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News IBM announces 5nm 'nanosheet' chip technology

Discussion in 'Article Discussion' started by Gareth Halfacree, 5 Jun 2017.

  1. Gareth Halfacree

    Gareth Halfacree WIIGII! Staff Administrator Super Moderator Moderator

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  2. perplekks45

    perplekks45 LIKE AN ANIMAL!

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    Does anybody have a link that provides further insight?
     
  3. Gareth Halfacree

    Gareth Halfacree WIIGII! Staff Administrator Super Moderator Moderator

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    The paper hasn't been publicly published yet, but there's a little more meat in the full press release. Not much, though: more fluff than tech.
     
  4. perplekks45

    perplekks45 LIKE AN ANIMAL!

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    Cheers!
     
  5. Corky42

    Corky42 Where's walle?

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    One thing i don't understand is why fabricating a structure (the transistor) from many sheets allows for a smaller structure versus the traditional layering, cutting, layering technique, is it a precision thing?
     
  6. Gareth Halfacree

    Gareth Halfacree WIIGII! Staff Administrator Super Moderator Moderator

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    It doesn't; you can, as the article says, make FinFET on a 5nm process node. The trouble with FinFET isn't that it doesn't scale to 5nm, it's that it is inflexible.

    Back in the days of planar transistors, you could vary the feature size in different circuits on the chip according to your needs. When we switched to FinFET (and Intel's Tri-Gate Transistor), we lost that: each fin of a FinFET transistor is the same height as every other fin.

    IBM's nanosheet system goes back to allowing you to modify the feature size of individual parts of the chip, regaining flexibility we lost moving to FinFET. The article says as much 'ere:

    So, that's the reason for going nanosheet, not simply to scale to 5nm but to scale to a better 5nm.
     
  7. Corky42

    Corky42 Where's walle?

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    I would have thought the height could have been adjusted based on what parts of the design you apply and/or remove the masking agent, silicon, and all that stuff from, I'm not saying that's what they do just that i would assume it's possible if you didn't care about costs/time.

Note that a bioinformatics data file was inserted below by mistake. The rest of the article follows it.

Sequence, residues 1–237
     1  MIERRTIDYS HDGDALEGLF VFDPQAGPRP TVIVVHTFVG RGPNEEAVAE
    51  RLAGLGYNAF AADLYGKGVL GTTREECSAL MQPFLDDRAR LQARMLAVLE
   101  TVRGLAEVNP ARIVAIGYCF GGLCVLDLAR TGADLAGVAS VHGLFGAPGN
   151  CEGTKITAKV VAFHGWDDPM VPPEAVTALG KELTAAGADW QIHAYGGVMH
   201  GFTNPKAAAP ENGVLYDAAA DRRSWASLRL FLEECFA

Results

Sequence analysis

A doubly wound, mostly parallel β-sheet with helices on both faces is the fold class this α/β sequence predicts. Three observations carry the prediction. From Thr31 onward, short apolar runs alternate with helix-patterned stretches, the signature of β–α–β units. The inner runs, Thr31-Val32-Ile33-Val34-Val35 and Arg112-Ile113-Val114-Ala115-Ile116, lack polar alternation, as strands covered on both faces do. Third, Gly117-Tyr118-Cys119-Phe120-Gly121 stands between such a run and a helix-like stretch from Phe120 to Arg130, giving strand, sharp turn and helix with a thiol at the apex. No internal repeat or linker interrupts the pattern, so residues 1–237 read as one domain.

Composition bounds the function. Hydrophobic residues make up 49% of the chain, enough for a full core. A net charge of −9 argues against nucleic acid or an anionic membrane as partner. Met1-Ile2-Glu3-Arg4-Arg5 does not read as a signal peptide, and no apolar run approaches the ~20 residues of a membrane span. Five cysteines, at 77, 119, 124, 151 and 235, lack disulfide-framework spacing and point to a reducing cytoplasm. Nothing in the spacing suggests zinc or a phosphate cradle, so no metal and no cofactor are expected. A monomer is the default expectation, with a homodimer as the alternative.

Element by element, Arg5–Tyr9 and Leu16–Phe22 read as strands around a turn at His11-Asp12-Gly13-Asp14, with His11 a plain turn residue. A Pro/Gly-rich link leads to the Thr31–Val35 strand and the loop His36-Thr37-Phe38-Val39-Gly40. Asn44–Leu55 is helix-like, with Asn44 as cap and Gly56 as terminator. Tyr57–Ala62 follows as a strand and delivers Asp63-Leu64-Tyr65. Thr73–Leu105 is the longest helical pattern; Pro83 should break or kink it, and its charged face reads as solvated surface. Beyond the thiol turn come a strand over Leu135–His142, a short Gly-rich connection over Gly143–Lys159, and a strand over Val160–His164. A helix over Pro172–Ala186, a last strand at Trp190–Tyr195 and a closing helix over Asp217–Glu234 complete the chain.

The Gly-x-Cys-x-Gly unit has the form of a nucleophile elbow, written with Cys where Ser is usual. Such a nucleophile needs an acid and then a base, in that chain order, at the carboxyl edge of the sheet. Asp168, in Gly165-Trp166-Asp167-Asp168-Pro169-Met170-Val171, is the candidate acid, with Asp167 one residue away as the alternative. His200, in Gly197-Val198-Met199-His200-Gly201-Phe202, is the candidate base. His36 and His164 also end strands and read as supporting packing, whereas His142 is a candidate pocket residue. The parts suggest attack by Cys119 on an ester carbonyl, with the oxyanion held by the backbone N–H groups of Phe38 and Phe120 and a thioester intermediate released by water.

It probably doesn't help that i don't understand why you'd want different heights on some transistors, if making the source, drain, and gates higher or lower brings advantages then why not apply that to all of them.
     
  8. Gareth Halfacree

    Gareth Halfacree WIIGII! Staff Administrator Super Moderator Moderator

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    Nup, not possible. When you're building a FinFET chip, all the fins are the same height and you've no way of changing 'em regardless of cost or time invested.

    Because a design which is best for performance is not going to be best for power draw, and a design which is best for power draw isn't going to be best for performance. Not every part of a chip needs to be going balls-out all the time, so a FinFET chip built for performance wastes a lot of power that a nanosheet chip can save - which translates directly to lower power draw and/or higher upper speed limits.
     
  9. edzieba

    edzieba Virtual Realist

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    Or to put it another way: some transistors in your CPU need to be turning on and off some of the ~100W of power going into it. Others are dedicated to basic tasks while idling and you want them to use as little power as possible. If you're locked into one transistor fin size, you are either using overkill inefficient transistors and wasting idle power, or teeny tiny transistors you need massive arrays of for power switching (and are thus vulnerable to cascade failures).
     

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